Review: In the lead up to Dadub's debut album You Are Eternity, Stroboscopic Artefacts have commissioned remixes from Lakker and Rrose - their first contributions to the label - as well as Kanding Ray and label boss Lucy. All were given the chance to remix their favourite track from the forthcoming album and Lucy chose "Death", a pleasant surprise in its functionality - not commonly associated with the Italian. Lakker's remix to "Path" delivers some spaciousness and industrialism to Dadub's often busy and syncopated arrangements, while Rrose's remix of "Life" could well be touted as one of the year's best reworks with a long and drawn out build and big room drop. Kanding Ray counterbalances Rrose's mix with subtle melodies and water drop percussion in his remix to "Existence".
18 Feb 13
Played by: Enclave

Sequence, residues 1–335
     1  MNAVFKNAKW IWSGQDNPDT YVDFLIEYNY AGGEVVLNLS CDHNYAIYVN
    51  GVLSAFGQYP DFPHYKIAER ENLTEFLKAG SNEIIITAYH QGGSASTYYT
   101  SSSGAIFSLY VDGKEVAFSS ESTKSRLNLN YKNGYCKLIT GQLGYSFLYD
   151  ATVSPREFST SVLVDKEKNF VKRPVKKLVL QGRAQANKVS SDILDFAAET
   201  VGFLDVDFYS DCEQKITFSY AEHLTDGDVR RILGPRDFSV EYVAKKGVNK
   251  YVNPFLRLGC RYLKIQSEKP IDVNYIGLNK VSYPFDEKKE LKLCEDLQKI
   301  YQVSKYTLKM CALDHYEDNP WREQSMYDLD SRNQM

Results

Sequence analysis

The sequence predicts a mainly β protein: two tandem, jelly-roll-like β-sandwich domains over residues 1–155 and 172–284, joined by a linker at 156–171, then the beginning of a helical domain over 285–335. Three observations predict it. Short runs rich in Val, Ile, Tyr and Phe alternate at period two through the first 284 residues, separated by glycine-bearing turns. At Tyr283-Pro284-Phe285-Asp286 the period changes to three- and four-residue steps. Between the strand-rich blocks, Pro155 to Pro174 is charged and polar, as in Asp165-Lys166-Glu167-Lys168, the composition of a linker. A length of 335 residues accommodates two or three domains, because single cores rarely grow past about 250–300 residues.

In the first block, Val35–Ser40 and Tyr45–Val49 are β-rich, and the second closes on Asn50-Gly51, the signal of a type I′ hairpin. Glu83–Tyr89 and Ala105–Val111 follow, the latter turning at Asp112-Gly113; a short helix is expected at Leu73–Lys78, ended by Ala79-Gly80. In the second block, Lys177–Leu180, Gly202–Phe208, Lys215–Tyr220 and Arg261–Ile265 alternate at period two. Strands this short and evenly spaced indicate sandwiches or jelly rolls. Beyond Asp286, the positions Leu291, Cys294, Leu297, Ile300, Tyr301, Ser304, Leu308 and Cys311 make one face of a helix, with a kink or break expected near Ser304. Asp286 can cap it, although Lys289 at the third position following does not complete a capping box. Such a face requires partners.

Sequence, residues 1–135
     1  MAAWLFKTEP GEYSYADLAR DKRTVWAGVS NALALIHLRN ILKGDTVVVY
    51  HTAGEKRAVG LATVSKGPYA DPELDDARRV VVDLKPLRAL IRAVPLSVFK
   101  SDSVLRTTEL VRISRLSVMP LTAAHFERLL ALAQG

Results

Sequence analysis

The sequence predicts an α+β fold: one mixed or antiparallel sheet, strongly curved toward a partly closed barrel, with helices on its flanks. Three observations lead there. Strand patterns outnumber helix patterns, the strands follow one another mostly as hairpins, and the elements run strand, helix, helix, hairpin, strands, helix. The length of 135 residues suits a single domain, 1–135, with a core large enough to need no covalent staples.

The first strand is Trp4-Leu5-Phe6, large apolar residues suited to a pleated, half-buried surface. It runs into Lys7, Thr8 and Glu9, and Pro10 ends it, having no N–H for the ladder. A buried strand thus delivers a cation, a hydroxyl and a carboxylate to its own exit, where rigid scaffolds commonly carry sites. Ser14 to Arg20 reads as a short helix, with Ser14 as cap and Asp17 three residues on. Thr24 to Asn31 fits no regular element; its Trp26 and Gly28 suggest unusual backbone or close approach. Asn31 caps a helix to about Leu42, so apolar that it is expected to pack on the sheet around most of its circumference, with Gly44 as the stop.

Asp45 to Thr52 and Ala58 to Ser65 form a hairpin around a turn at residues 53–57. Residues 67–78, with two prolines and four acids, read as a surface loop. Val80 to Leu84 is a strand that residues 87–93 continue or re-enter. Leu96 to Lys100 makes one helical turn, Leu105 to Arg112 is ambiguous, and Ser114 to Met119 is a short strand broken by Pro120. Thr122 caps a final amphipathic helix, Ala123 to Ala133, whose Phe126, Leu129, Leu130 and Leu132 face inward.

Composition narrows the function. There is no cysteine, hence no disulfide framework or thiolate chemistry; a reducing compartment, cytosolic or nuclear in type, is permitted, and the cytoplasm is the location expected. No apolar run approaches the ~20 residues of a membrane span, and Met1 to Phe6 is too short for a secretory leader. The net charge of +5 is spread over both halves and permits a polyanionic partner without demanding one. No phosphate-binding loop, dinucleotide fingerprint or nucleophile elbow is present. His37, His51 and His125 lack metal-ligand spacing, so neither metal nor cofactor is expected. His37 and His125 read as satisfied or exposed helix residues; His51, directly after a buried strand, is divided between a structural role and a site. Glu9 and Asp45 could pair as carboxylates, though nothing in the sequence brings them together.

Review: Stroboscopic Artefacts has consistently attracted a series of high calibre artists to its various releases, but Eternity showcases the secret weapon in the label's arsenal: Dadub. The Italian partnership of Daniele Antezza and Giovanni Conti already play a crucial role in Luca Mortellaro's label operation, mastering every Stroboscopic release, but their impact is even greater when they step from the shadows to deliver this their debut album. Fans of Stroboscopic Artefacts will find much welcome familiarity here, with the stepping rhythm and splurging bass of "Arrival" providing in one track a synopsis of the label's Monad series, while the dense, sub-bass led techno of "Circle" and the muscular, robust rhythms and walls of delay on "Life" and "Path" neatly define the label's predilection for re-imagining 90s Berlin techno. However, it is in the grey, unexpected places where Dadub really shine on this album. "Unbroken Continuity" is a collection of tropical blips, bleeps and squeaks disguised as an ambient soundscape. At the other end of the spectrum, the King Cannibal featuring "Transfer" descends into a snake pit of splintered, sulphuric rhythms.